Recently I met Dom Famularo at Drumscene’s Australian Ultimate Drummers Weekend and he reinspired me not just about music…but life! Dom shared some of his secrets with me last week on how to keep both your drumming and life passion alive. Dom just celebrated his 60th birthday here in Australia. He feels 30…and looks only a teeny bit older!!
Dom began his career as a performing jazz drummer. He started playing when he was 11 and became a professional at the age of 12! He studied under some of the greatest drummers of the 20th century, including Jim Chapin, and Joe Morello. Among the many artists he has performed with are the Buddy Rich Big Band, B.B. King, Lionel Hampton, Chuck Leavell (Rolling Stones) and the Louie Bellson Big Band. Dom has often been called the Tony Robbins or Gandhi of the drum industry…and affectionately the drum wizard!
CC: How is drumming connected to life purpose or passion for you?
DF: This is really is the core of what I have learnt to understand. Life goes past really fast. When I think back over the past 10, 20, 30, 40 years, there has been so much fun and joy that music has brought. And the balance between what music has brought and what that has opened up in my life is so important.
I believe the kind of person you are is the kind of artist you will become. If you have that desire to be a positive happy person, you can make the choice to be that way. I wasn’t born happy, I have chosen to be this way. So now, after years of choosing to be positive every morning when I wake up, I am now positive when I wake – it’s my programmed way of being. When a challenge comes up, I face the challenge and then move on.
Understanding life has helped my music get better. Empowerment means to give power. The first place I should start is with myself – to give myself power. When I’m teaching someone who has something to learn from me, that gives me power. That is self empowerment and that fuels my passion, and once you get involved with this cycle, you keep on fueling yourself day by day.
CC: Any tips for reigniting one’s passion for music if one’s not feeling it?
DF: Absolutely. To rekindle inspiration is an important part of the process. There are many ways of doing this. I listen to a wide variety of music, I read books, I converse with a lot of different kinds of people. I might speak to a waitress at a restaurant and all of a sudden learn something – in that one minute you can tap in to something – some passion in someone – which can spark you to move forward. I constantly try to find that spark and then with that spark to inspire others. So it really is a matter of “to inspire and be inspired”. And that’s a journey that I believe we all have to accept and continue on everyday. Albert Einstein would get inspiration talking to young kids.I believe inspiration is around us everywhere.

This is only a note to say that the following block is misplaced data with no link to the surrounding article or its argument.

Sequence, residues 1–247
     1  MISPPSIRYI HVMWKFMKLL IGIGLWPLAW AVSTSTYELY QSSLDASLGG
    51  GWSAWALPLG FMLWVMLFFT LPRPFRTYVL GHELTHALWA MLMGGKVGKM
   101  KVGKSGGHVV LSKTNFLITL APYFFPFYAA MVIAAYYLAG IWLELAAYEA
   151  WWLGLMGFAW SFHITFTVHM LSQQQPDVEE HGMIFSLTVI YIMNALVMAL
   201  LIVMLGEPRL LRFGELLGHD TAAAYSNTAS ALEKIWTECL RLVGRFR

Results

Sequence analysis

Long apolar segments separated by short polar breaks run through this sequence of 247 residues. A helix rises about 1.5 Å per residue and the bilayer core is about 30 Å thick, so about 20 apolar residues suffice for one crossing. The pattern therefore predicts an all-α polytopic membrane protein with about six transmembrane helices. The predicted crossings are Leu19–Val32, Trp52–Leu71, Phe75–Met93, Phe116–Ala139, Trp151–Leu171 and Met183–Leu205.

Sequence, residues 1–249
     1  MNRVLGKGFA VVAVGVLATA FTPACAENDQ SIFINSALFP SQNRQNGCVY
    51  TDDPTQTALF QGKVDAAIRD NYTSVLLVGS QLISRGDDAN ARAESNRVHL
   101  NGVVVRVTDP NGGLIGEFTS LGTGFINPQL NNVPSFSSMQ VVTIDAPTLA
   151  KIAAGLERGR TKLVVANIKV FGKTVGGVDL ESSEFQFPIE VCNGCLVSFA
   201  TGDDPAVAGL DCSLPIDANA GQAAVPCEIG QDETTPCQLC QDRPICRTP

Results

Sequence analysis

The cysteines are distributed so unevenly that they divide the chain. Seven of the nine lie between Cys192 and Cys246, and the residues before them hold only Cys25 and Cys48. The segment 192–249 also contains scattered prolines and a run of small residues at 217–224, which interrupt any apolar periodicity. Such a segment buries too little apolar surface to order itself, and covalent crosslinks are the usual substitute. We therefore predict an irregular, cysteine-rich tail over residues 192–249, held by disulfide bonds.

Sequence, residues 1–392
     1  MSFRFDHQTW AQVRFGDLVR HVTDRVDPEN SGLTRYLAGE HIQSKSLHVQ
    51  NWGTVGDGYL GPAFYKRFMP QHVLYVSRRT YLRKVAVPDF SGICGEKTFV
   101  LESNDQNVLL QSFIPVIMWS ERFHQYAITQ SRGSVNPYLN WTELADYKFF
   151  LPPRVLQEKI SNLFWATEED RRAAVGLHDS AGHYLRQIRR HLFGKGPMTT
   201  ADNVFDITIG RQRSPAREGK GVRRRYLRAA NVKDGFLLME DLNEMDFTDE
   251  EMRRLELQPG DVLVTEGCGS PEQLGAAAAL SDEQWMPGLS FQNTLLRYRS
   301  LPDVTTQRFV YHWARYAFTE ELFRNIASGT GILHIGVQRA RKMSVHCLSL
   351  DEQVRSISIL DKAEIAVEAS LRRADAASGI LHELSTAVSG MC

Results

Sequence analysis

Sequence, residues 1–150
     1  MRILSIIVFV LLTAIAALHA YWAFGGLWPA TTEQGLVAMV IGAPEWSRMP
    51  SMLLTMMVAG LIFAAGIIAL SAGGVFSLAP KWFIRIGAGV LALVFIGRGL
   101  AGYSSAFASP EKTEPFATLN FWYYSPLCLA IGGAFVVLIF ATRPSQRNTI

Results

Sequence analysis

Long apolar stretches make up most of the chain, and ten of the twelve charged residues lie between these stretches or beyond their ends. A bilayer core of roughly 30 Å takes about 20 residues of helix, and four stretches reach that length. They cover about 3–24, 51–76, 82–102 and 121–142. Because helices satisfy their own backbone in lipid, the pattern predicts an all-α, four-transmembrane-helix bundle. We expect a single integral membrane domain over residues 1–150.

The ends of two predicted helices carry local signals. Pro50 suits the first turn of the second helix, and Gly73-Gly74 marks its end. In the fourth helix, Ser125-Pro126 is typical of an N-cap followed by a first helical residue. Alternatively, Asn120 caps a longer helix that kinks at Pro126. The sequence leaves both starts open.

CC: Are you still learning yourself?
DF: Absolutely – that’s the key. When I grew up I lived 20 mins from New York City. When I was 20 I could drive into NY and witness these amazing drummers – Buddy Rich, Louie Bellson, Max Roach, Tony Williams, and many others. These were the best of the best drummers. It was tremendously exciting to watch. And as the years went by, I was always impressed how they stayed learning the instrument right up till their old age and even death. Louis Belson, 84 years young still learning and practising and listening to music right up till his death. Jim Chapen 89 years young and still practising. Great artists, dedicated drummers who lived well into their 70s and still studying the art form.That stayed with me.
I believe that education is the fountain of youth. Once you continue to learn, you continue to grow, and you literally stay young. I still experiment with drumming ideas in my studio. As long as I stay tapped into the change in music and the change of modern drumming then I stay tapped into the fountain of youth.
CC: Have you always been a passionate person?
DF: The answer is probably yes. My parents were always very passionate people no matter what they did – whether that was cooking for the family on Sunday or music – my Dad would always make us bring out our instruments. There was always this passion and fun around about life and stories and eating and music
Over course of time I began to understand more about passion and desire in whatever you do and I began to fuel that with performing music and teaching.
CC: Can you tell us a bit about Can Do Musos – why is this important to you?
DF: Can Do Musos started through meeting musicians in wheelchairs, or with other major physical and mental challenges in the course of my global travels. I was connected to lots of guys with challenges and I wanted to connect them to each other. We managed to get Andrew Hewitt (Australia), David Segal and Mike Mignogna together in New York earlier this year, and together we started Can Do Musos to connect musicians with challenges around the world. We’ve now got a website with over 60 musicians from around the world and growing. Its very exciting. [To find out more, check out candomusos.com]
CC: How can people connect to you?
DF: My website is my name – domfamularo.com You can check me out at my facebook page too. Its exciting for me to grow and connect with people. My direct email is on my site and people can email me directly. I love to connect to people all around the world and be connected through technology.
CC: Thank you so much Dom – you’re an absolute inspiration – as always